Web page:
How do you pull off a proper sequel? By going bigger and better in every regard than you did in the first outing. That's the lesson of every follow-up from The Empire Strikes Back to World War II, and it's one that Brandalism—the collective of street artists who collaboratively subvert advertising in massively-orchestrated campaigns—learned well.
In the follow-up to the group's 2012 campaign, which saw eight different artists poster over 33 London billboards with original messages, "Brandalism 2014" last week brought 40 different artists to 10 different cities in the U.K., replacing a whopping 365 corporate bus shelter ads with original handmade art—most of which carried a subversive, culture-jam style message. A spokesman for the group described the its motives after the 2012 "campaign": "Advertising does not stress the value of a collective long range future and the prevailing values of the commercial system provide no incentives to develop bonds with future generations. Faced with growing ecological and social crises, and with advertising being the engine of an unsustainable and detrimental economic system, it must be viewed as one of the major obstacles to our survival as a species."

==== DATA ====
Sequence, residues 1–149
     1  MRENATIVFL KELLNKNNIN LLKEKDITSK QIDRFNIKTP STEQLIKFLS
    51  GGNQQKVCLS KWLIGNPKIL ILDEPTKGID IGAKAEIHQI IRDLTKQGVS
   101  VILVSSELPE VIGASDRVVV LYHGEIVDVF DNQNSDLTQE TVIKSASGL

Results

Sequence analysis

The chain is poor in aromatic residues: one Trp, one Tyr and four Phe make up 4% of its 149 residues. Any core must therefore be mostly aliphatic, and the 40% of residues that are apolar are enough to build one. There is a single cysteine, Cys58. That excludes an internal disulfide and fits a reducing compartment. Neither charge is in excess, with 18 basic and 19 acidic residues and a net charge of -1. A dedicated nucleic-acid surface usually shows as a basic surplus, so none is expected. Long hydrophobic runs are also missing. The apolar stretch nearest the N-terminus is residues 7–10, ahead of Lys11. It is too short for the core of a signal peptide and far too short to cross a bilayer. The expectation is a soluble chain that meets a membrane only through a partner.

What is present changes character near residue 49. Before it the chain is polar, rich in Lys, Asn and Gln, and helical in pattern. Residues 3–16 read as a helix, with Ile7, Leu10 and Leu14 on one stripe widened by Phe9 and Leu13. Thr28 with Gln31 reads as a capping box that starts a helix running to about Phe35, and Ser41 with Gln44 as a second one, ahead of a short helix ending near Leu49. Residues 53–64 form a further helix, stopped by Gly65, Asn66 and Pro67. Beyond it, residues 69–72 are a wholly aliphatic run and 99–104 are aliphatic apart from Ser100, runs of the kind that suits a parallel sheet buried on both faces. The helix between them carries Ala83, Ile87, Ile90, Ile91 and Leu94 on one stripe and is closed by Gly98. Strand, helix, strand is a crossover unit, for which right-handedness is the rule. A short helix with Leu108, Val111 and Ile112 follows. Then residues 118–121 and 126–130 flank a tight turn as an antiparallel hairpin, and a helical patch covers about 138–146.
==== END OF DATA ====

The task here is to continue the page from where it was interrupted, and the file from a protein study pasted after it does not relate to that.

To capture the sheer brass it takes to pull off something like this over two days in one of the most heavily surveilled countries in the world, Brandalism's participants documented their actions, which can be seen in the short YouTube video above. There are bold artists in brightly colored road hazard vests—the universal sign for "I'm supposed to be doing whatever I'm doing right now"—unscrewing the frames of the bus shelter ads to replace them with new messages, often in places where pulling off such feats seems particularly risky. It's quite a project, and one that the Brandals seem eager to see continued by others: the group's site includes a DIY guide to opening up and replacing bus shelter ads, so you too can brandalize in broad daylight.